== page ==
Sperger JM, Emamekhoo H, McKay RR, Stahlfeld CN, Singh A, Chen XE, Kwak L, Gilsdorf CS, Wolfe SK, Wei XX, et al. Prospective evaluation of clinical outcomes using a multiplex liquid biopsy targeting diverse resistance mechanisms in metastatic prostate cancer. J Clin Oncol. 2021;39:2926–37.
Best MG, Sol N, Zijl S, Reijneveld JC, Wesseling P, Wurdinger T. Liquid biopsies in patients with diffuse glioma. Acta Neuropathol. 2015;129:849–65.
Nikanjam M, Kato S, Kurzrock R. Liquid biopsy: current technology and clinical applications. J Hematol Oncol. 2022;15:131.
Zhao Y, Tang J, Jiang K, Liu SY, Aicher A, Heeschen C. Liquid biopsy in pancreatic cancer: current perspective and future outlook. Biochim Biophys Acta Rev Cancer. 2023;1878:188868.
Mehraj U, Mushtaq U, Mir MA, Saleem A, Macha MA, Lone MN, Hamid A, Zargar MA, Ahmad SM, Wani NA. Chemokines in triple-negative breast cancer heterogeneity: New challenges for clinical implications. Semin Cancer Biol. 2022;86:769–83.
Liu SQ, Gao ZJ, Wu J, Zheng HM, Li B, Sun S, Meng XY, Wu Q. Single-cell and spatially resolved analysis uncovers cell heterogeneity of breast cancer. J Hematol Oncol. 2022;15:19.
Waks AG, Winer EP. Breast cancer treatment: a review. JAMA. 2019;321:288–300.
Ethier JL, Ocana A, Rodriguez LA, Ruiz A, Alba E, Calvo L, Ruiz-Borrego M, Santaballa A, Rodriguez CA, Crespo C, et al. Outcomes of single versus double hormone receptor-positive breast cancer: a GEICAM/9906 sub-study. Eur J Cancer. 2018;94:199–205.
Harbeck N, Gnant M. Breast cancer. Lancet. 2017;389:1134–50.
Yam C, Mani SA, Moulder SL. Targeting the molecular subtypes of triple negative breast cancer: understanding the diversity to progress the field. Oncologist. 2017;22:1086–93.
Tsang J, Tse GM. Molecular classification of breast cancer. Adv Anat Pathol. 2020;27:27–35.
Rakha EA, Pareja FG. New advances in molecular breast cancer pathology. Semin Cancer Biol. 2021;72:102–13.
Keller L, Pantel K. Unravelling tumour heterogeneity by single-cell profiling of circulating tumour cells. Nat Rev Cancer. 2019;19:553–67.
Tivey A, Church M, Rothwell D, Dive C, Cook N. Circulating tumour DNA—looking beyond the blood. Nat Rev Clin Oncol. 2022;19:600–12.
Alix-Panabieres C, Pantel K. Clinical applications of circulating tumor cells and circulating tumor DNA as liquid biopsy. Cancer Discov. 2016;6:479–91.
Ahn JC, Teng PC, Chen PJ, Posadas E, Tseng HR, Lu SC, Yang JD. Detection of circulating tumor cells and their implications as a biomarker for diagnosis, prognostication, and therapeutic monitoring in hepatocellular carcinoma. Hepatology. 2021;73:422–36.
Graf RP, Hullings M, Barnett ES, Carbone E, Dittamore R, Scher HI. Clinical utility of the nuclear-localized AR-V7 biomarker in circulating tumor cells in improving physician treatment choice in castration-resistant prostate cancer. Eur Urol. 2020;77:170–7.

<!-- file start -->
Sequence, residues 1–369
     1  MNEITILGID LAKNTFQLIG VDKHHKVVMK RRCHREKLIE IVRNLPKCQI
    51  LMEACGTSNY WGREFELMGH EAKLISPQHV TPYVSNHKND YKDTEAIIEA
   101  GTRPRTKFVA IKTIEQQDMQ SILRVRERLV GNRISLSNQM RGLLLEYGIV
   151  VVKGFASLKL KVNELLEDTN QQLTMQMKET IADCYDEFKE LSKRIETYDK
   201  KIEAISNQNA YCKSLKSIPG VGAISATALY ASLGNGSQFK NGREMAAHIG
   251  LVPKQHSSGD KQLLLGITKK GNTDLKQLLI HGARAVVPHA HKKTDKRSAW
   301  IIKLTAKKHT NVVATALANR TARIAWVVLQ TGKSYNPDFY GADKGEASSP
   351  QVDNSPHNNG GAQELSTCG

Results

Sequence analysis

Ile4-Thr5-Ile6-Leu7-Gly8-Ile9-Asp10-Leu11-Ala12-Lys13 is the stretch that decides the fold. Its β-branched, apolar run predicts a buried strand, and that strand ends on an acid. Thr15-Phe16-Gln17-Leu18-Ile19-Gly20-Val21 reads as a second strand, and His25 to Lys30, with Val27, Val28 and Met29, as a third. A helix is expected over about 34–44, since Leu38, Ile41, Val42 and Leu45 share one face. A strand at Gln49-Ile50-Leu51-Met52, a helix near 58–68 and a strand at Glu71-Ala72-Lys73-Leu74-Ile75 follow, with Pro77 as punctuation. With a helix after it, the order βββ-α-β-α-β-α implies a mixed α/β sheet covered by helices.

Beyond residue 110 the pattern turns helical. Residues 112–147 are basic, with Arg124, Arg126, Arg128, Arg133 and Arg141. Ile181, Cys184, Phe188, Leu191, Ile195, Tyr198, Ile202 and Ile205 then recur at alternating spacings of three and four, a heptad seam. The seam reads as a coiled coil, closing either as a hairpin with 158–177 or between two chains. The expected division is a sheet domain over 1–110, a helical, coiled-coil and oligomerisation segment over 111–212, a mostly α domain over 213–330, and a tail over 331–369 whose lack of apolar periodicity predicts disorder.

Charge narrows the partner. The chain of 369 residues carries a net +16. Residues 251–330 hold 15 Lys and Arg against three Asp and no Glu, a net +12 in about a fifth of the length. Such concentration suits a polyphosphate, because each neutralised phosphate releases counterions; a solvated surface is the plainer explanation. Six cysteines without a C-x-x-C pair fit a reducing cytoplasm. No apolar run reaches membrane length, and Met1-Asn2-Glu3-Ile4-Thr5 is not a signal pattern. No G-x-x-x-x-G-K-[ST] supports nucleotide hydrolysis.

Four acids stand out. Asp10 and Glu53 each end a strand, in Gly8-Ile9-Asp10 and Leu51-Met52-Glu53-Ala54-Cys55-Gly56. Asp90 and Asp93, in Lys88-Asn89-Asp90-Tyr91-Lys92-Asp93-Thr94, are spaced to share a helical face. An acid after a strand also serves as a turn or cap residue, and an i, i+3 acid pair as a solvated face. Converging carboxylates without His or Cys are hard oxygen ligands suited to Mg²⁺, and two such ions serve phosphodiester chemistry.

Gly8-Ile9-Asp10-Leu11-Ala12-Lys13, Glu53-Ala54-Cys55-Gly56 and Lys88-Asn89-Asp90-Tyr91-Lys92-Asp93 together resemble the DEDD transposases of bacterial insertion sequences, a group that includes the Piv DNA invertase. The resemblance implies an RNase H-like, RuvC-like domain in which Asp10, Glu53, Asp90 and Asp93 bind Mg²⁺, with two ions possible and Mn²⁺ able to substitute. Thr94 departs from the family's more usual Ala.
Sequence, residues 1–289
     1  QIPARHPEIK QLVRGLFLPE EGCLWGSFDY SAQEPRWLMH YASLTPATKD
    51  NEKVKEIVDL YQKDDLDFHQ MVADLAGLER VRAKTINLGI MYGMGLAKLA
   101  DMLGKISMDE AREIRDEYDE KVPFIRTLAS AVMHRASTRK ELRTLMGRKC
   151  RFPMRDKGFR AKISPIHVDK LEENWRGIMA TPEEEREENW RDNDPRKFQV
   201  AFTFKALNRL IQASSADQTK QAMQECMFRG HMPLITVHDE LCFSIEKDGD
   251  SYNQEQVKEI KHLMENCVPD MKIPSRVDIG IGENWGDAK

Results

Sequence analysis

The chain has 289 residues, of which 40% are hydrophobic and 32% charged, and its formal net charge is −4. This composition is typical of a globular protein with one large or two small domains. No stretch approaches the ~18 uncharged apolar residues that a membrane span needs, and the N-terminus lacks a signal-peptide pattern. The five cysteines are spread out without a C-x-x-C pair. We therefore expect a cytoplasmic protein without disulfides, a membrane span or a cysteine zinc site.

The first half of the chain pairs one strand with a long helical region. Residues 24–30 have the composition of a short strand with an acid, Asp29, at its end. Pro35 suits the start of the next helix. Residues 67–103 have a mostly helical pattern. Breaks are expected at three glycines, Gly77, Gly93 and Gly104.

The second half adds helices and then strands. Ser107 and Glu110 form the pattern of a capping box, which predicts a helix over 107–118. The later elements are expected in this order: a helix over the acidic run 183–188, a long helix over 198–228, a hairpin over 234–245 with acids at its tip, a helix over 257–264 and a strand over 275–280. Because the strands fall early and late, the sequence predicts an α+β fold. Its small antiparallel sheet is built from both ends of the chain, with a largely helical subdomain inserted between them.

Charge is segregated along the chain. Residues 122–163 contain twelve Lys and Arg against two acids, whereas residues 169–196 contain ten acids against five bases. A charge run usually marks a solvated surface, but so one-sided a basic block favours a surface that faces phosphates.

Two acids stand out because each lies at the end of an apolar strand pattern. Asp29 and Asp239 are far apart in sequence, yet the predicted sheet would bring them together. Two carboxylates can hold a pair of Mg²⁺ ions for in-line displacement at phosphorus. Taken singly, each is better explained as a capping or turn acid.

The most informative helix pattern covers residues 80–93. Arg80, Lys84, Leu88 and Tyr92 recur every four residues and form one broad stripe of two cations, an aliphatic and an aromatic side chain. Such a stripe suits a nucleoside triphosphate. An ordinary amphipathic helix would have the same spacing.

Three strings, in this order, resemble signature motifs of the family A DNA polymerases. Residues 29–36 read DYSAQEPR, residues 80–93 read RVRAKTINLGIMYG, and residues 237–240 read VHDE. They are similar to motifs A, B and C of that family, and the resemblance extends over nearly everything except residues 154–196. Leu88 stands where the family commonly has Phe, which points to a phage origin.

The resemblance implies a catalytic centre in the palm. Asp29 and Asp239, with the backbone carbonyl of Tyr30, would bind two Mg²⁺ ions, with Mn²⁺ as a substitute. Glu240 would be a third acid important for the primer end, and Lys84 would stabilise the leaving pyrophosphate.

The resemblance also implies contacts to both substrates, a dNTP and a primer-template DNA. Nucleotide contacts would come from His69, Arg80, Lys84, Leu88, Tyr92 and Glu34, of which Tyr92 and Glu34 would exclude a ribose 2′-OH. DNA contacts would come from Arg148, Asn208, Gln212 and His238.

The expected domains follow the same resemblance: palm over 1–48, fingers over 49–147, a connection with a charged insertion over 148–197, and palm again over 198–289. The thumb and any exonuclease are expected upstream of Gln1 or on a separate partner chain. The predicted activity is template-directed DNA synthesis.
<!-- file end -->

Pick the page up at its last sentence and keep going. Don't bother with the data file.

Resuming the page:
Yu W, Hurley J, Roberts D, Chakrabortty SK, Enderle D, Noerholm M, Breakefield XO, Skog JK. Exosome-based liquid biopsies in cancer: opportunities and challenges. Ann Oncol. 2021;32:466–77.
Tang XH, Guo T, Gao XY, Wu XL, Xing XF, Ji JF, Li ZY. Exosome-derived noncoding RNAs in gastric cancer: functions and clinical applications. Mol Cancer. 2021;20:99.
Soiland H, Janssen E, Helland T, Eliassen FM, Hagland M, Nordgard O, Lunde S, Lende TH, Sagen JV, Tjensvoll K, et al. Liquid biopsies and patient-reported outcome measures for integrative monitoring of patients with early-stage breast cancer: a study protocol for the longitudinal observational Prospective Breast Cancer Biobanking (PBCB) study. BMJ Open. 2022;12:e54404.
Milne RL, Antoniou AC. Genetic modifiers of cancer risk for BRCA1 and BRCA2 mutation carriers. Ann Oncol. 2011;22(Suppl 1):i11–7.
Bauml JM, Li BT, Velcheti V, Govindan R, Curioni-Fontecedro A, Dooms C, Takahashi T, Duda AW, Odegaard JI, Cruz-Guilloty F, et al. Clinical validation of Guardant360 CDx as a blood-based companion diagnostic for sotorasib. Lung Cancer. 2022;166:270–8.
Abbasi HQ, Maryyum A, Khan AM, Shahnoor S, Oduoye MO, Wechuli PN. Advancing precision oncology in breast cancer: the FDA approval of elacestrant and Guardant360 CDx: a correspondence. Int J Surg. 2023;109:2157–8.
Zundelevich A, Dadiani M, Kahana-Edwin S, Itay A, Sella T, Gadot M, Cesarkas K, Farage-Barhom S, Saar EG, Eyal E, et al. ESR1 mutations are frequent in newly diagnosed metastatic and loco-regional recurrence of endocrine-treated breast cancer and carry worse prognosis. Breast Cancer Res. 2020;22:16.
Allegretti M, Fabi A, Giordani E, Ercolani C, Romania P, Nistico C, Gasparro S, Barberi V, Ciolina M, Pescarmona E, et al. Liquid biopsy identifies actionable dynamic predictors of resistance to Trastuzumab Emtansine (T-DM1) in advanced HER2-positive breast cancer. Mol Cancer. 2021;20:151.
Pages M, Rotem D, Gydush G, Reed S, Rhoades J, Ha G, Lo C, Fleharty M, Duran M, Jones R, et al. Liquid biopsy detection of genomic alterations in pediatric brain tumors from cell-free DNA in peripheral blood, CSF, and urine. Neuro Oncol. 2022;24:1352–63.
Kim C, Xi L, Cultraro CM, Wei F, Jones G, Cheng J, Shafiei A, Pham TH, Roper N, Akoth E, et al. Longitudinal circulating tumor DNA analysis in blood and saliva for prediction of response to osimertinib and disease progression in EGFR-mutant lung adenocarcinoma. Cancers. 2021;13:3342.
Birknerova N, Mancikova V, Paul ED, Matyasovsky J, Cekan P, Palicka V, Parova H. Circulating cell-free DNA-based methylation pattern in saliva for early diagnosis of head and neck cancer. Cancers. 2022;14:4882.